A local pilot and aircraft engineer are set to take on the world's best flyers at the National Air Race Championships in Reno, Nevada.
Hayden King, from Nowra, and pilot Matthew Coughlin, from Berry, will return to the US to contest the Formula One light aircraft category.
The pair are looking to top their initial performance on which they placed third in their division last year.
King said the pair were surprised where they had ranked last year, considering it was his and Coughlin's first race.
King and Coughlin had met at the Albatross Aero Club, and bonded over their mutual interest in unusual aeroplanes.
"It wasn't until he purchased a Cassutt racer that we sort of got together," King said.
"We started making modifications on that.
"Matt decided he wanted to go over to the pilot rookie school in Reno last year, and that's where he met Holbrook Maslen, who now we're actually flying for."
He said the opportunity last year came from a chance meeting between Matt and Holbrook over coffee.
Matt told Hayden he had "met this really cool guy, who had a really cool aeroplane up in Boise in Idaho and had asked him to race it for him".
King and Coughlin pilot Judy, a 1973 Cassutt Racer #44, which was originally built for Ohio aviation legend Judy Wagner.
It's one of the oldest planes at the event, and has been through a series of modifications for the upcoming race. According to the official rules, the aircraft must have a minimum wing-length of 6.1 meters and weigh 500 pounds or more. Aircraft engineers make adjustments to the craft to make the plane fly as fast as possible.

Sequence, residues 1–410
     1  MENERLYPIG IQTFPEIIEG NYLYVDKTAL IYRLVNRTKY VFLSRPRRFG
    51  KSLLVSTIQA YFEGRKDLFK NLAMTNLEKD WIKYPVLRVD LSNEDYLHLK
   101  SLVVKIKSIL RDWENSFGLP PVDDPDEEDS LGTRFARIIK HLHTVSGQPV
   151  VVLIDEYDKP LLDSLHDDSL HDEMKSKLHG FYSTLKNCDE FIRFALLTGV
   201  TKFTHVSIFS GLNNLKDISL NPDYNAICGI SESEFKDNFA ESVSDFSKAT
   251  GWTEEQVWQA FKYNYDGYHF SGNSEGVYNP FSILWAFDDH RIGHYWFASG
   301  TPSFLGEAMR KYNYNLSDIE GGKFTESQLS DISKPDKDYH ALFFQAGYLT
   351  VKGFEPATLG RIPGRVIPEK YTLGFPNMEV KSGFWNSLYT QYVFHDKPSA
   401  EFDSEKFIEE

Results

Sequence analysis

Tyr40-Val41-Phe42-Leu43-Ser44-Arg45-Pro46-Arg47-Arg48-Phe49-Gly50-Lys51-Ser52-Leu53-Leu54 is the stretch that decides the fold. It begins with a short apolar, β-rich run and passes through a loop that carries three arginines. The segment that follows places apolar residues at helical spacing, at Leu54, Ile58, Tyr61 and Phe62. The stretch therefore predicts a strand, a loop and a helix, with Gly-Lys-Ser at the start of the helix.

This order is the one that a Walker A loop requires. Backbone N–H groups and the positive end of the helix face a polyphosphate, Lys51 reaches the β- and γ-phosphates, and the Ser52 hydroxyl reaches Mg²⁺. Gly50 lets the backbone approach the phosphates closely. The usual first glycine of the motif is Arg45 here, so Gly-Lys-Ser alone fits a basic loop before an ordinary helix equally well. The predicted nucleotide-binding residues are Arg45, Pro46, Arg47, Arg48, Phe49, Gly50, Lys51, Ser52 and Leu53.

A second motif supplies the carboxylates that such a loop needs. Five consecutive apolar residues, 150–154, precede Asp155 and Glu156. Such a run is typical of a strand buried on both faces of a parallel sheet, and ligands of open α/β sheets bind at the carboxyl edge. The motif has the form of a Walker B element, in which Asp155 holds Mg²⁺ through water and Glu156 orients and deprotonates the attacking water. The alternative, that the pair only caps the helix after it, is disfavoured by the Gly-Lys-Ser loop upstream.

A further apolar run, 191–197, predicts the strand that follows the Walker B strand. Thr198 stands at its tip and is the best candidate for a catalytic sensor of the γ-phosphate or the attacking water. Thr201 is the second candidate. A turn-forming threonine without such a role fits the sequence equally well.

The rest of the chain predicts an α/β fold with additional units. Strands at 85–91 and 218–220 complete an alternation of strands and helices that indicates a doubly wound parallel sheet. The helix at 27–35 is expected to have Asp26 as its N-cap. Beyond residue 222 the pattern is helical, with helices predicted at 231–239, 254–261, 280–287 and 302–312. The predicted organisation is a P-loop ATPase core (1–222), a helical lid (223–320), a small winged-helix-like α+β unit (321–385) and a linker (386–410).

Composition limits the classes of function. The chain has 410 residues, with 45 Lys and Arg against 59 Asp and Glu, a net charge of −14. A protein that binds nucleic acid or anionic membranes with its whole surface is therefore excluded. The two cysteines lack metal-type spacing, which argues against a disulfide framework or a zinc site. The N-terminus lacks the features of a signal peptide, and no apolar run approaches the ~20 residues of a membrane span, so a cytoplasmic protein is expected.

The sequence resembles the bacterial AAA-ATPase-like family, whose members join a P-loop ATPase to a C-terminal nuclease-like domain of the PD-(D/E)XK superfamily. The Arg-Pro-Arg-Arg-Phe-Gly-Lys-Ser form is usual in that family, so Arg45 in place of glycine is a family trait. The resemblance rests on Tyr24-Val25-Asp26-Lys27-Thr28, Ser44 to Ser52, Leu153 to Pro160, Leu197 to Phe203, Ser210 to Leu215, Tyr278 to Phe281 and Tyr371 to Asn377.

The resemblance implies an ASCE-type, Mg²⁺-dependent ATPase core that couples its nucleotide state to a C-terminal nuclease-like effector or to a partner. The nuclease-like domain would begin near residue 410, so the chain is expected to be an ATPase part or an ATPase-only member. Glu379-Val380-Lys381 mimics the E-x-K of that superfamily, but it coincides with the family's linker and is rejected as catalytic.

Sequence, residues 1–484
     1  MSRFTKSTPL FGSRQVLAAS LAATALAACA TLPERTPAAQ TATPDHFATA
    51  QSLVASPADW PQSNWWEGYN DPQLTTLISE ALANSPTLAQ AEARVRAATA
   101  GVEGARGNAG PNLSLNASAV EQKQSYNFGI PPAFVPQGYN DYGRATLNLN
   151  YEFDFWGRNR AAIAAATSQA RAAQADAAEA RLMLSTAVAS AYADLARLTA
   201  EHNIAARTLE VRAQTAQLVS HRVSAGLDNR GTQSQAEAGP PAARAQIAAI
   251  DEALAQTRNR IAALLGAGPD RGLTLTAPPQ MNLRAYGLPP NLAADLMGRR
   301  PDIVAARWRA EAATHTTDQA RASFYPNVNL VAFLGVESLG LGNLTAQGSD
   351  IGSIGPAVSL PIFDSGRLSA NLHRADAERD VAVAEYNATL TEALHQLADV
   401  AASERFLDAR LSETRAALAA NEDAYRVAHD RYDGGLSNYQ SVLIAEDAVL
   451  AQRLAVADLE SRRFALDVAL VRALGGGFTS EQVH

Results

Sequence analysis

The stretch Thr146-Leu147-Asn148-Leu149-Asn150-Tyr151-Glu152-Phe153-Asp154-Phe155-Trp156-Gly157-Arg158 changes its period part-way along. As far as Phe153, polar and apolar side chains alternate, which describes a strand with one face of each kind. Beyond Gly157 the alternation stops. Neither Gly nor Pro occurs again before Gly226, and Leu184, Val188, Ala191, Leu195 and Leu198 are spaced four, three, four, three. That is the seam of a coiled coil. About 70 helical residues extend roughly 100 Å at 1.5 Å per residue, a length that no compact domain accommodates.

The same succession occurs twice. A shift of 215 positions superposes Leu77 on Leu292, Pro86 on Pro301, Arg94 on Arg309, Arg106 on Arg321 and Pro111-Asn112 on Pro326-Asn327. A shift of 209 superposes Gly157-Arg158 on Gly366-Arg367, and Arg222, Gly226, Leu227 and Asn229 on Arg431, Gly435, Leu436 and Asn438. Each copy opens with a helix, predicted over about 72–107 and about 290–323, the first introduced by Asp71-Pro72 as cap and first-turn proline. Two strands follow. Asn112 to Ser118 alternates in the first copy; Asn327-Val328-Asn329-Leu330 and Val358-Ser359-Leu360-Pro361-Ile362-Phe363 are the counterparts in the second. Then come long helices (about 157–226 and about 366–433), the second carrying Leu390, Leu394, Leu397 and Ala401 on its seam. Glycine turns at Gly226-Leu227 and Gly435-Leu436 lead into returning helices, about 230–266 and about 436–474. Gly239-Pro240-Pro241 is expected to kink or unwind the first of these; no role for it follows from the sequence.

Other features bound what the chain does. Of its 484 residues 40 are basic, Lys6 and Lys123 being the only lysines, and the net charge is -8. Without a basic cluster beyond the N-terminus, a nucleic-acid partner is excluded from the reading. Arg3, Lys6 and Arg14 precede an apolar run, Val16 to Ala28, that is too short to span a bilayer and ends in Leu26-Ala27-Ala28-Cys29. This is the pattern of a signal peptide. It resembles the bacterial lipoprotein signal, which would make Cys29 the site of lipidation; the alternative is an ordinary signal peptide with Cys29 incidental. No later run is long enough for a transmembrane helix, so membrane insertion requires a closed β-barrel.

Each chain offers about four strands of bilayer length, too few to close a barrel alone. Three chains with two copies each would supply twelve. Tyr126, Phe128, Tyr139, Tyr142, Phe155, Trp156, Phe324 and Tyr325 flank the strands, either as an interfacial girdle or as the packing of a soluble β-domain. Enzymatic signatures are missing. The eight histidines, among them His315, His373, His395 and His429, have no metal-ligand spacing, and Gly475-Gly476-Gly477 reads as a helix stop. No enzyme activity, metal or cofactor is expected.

"Formula One is open to the amount you can push the envelope of the aeroplane," King said.
"These small aeroplanes, originally they're 100 horsepower, but we're getting about 180 horsepower out of these machines, and we're doing about 250 miles an hour at 60 feet.
These small aeroplanes, originally they're 100 horsepower, but we're getting about 180 horsepower out of these machines, and we're doing about 250 miles an hour at 60 feet.Engineer Hayden King
"We're about five to six miles per hour slower than [last year's winner], but it was our first race, and we needed to iron out a few more things, get a little more out of the machine.
"Hopefully we can get in the top three again."
Coughlin will be flying three laps around an oval course of 5.13km, against another 27 pilots from around the world. While King and Coughlin hope to rank, King said they would be happy for a safe race, and to finish with the aeroplane intact.
The championship runs from September 11-15, and include aero demonstrations, short take-off/landing drag races, and legacy flights from historical American aircraft.